… we recommend those of our readers who intend to wage war against that most formidable pest, the Scotch thistle, to adopt the kind of hoe or spud used by Mr. Gordon, and well adapted for the purpose, as it serves also as a walking stick. It is about three inches wide, made strong, and with a staff made conveniently heavy. It is a good weapon also for snakes, or rather against these intruding reptiles.

— Quoted in The Courier (Hobart), 8 January 1841, 2,

Thistles are good at travelling, and in 1846, people were getting alarmed in Geelong, and some of them wrote to the papers about the thistles, lurking and massing, just across the Bass Strait:the invasion was coming, they warned.
… the Scotch Thistle. It is only a few years since the seed was imported, and it is already beyond the art of man to eradicate this most pernicious and useless weed. There is scarce a doubt, if the thistle is allowed to spread as it has done, that in the space of a few years it will completely destroy the pasturage, and then farewell to our wool growing prosperity. In the interior on the rich soils, the thistle grows much more vigorously than on the strong hills in the vicinity of the metropolis; some plants have a circumference of several, feet, six feet or more, and will produce some thousands of seeds; indeed the fecundity of the thistle is beyond belief.

Geelong Advertiser and Squatters’ Advocate, 25 April 1846, 4,
I have to say that when I was young, "fecund" sounded like a really rude word. The youngster within me likes to think that any word applied to thistles should be rude.  The aged hunter of the thistle that is me now, says "Fecund, fecund, fecund!".

Anyhow, in spite of what the paper said, nothing happened, and the inevitable followed, as the same paper reported in 1848:
THISTLES.-Within the last few days, the discovery has been made that this insidious weed has sprung up in several places near Geelong. Its identity with the Scotch thistle of Van Diemen’s Land has been doubted by some, but we are afraid that it will be found to be too truly so.

Geelong Advertiser, Nov. 21,
In 1849, the same paper returned to the attack:
… the rapid propagation of the Scotch thistle has been productive of incalculable injury in the neighbouring colonies, yet our colonists appear totally indifferent to the matter, although year after year rich pasture lands have become over-run with these vegetable plagues, and have been suffered to spread over the country without any efficient means being adopted for their extermination The thistle was probably imported in the shipments of hay once so frequent from Van Diemen’s Land, and made its appearance first in the neighbourhood of the flag-staff hill, Melbourne, from whence it soon spread to Keilor, but may now be found so far up as the Wardy Yallock, and unless the settlers set to work in earnest and speedily check their progress, thousands of acres of our most valuable lands will soon be rendered totally unfit for either pastoral or agricultural purposes.

Geelong Advertiser, 12 July 1849, 2,
The Argus (a Melbourne paper, printed some 70 km from Geelong) had a different view of how the thistle arrived, a few days later:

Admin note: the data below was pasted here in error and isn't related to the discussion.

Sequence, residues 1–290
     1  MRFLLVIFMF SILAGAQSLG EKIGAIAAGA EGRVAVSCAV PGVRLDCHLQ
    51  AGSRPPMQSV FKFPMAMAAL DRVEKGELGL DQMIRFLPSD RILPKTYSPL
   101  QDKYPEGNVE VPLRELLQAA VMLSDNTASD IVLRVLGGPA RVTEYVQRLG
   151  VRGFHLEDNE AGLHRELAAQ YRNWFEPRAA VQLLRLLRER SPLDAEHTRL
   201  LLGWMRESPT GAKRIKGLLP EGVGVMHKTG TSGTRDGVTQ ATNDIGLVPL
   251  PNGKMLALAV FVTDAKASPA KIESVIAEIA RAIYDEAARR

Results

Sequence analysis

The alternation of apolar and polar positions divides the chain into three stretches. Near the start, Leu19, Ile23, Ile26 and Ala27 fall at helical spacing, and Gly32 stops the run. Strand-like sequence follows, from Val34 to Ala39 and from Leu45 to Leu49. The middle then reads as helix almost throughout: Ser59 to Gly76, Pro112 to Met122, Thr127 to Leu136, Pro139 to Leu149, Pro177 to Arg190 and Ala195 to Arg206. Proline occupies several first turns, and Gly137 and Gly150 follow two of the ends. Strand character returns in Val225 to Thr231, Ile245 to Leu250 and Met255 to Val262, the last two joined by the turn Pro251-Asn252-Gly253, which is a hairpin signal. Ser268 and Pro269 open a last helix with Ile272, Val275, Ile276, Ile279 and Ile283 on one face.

This is certainly not the true origin of the introduction of the thistle, for we well recollect it first grew on the green knoll, a little to the south of Liardet’s Inn, on the Beach, about where the residence of the Custom’s Officer is now built, and it has gradually radiated from that centre with the course of the prevailing winds. In all probability it was introduced as a garden flower, as it is said to have been in Van Diemen’s Land, by an enthusiastic Scotchman, who sent home for a supply of the thistle seed, and on its receipt took his seat on the top of the stage coach from Hobart Town to Launceston, and scattered the seeds right and left the whole way. At all events, we well recollect that when it first appeared at the spot we speak of, a “brother Scot,” we wot of, was at great pains to procure healthy specimens of “the emblem dear,” for transplantation into his garden in Melbourne.

The Argus, 16 July 1849, 2,
The Geelong Advertiser returned to the topic of thistles again later in the year, through a correspondent at Devils River, north-west of Melbourne, and now the Scots were the target:
… the Scotch Thistle … this noxious plant is now firmly rooted, and has propagated itself extensively, even in this district, one hundred and fifty miles from Melbourne and Geelong, is but too true, and threatens to overrun the soil in all directions. Last year it was noticed in some parts of this locality, but so scarce and unconnected as to create no serious apprehension; but this year however bears ample and fearful testimony of its propagating quality; thick and stubborn clumps being found, where not a vestige of its existence could be perceived before. This is particularly the case along the banks of creeks and water-courses…

The Introduction of the Scotch Thistle into the Devils’ River district was by a Scotch gentleman, who, before the dissolution of the Company, superintended the stations of the Messrs Watson and Hunter, and who it would appear, enamoured of every or anything from the ‘land o’ cakes,’ no matter how pungent or repellant, in the full bloom of his patriotism transplanted the emblem of Caledonia into the very heart of Australia Felix?

Such is patriotism! But the patriot did not stop here, he caused one of his subordinates, an unfortunate overseer, who is now a settler on this River, and who sorely repents the patriotic enthusiasm of his former superior, to plant some of the ornamental but noxious thistle in his garden. The overseer, who would not be outstripped in amor patriæ, gave some seed to others, and thus their darling thistle was nourished, nurtured, and propagated, and in due time has become to be no very great rarity…

Geelong Advertiser, 9 August 1849, 1,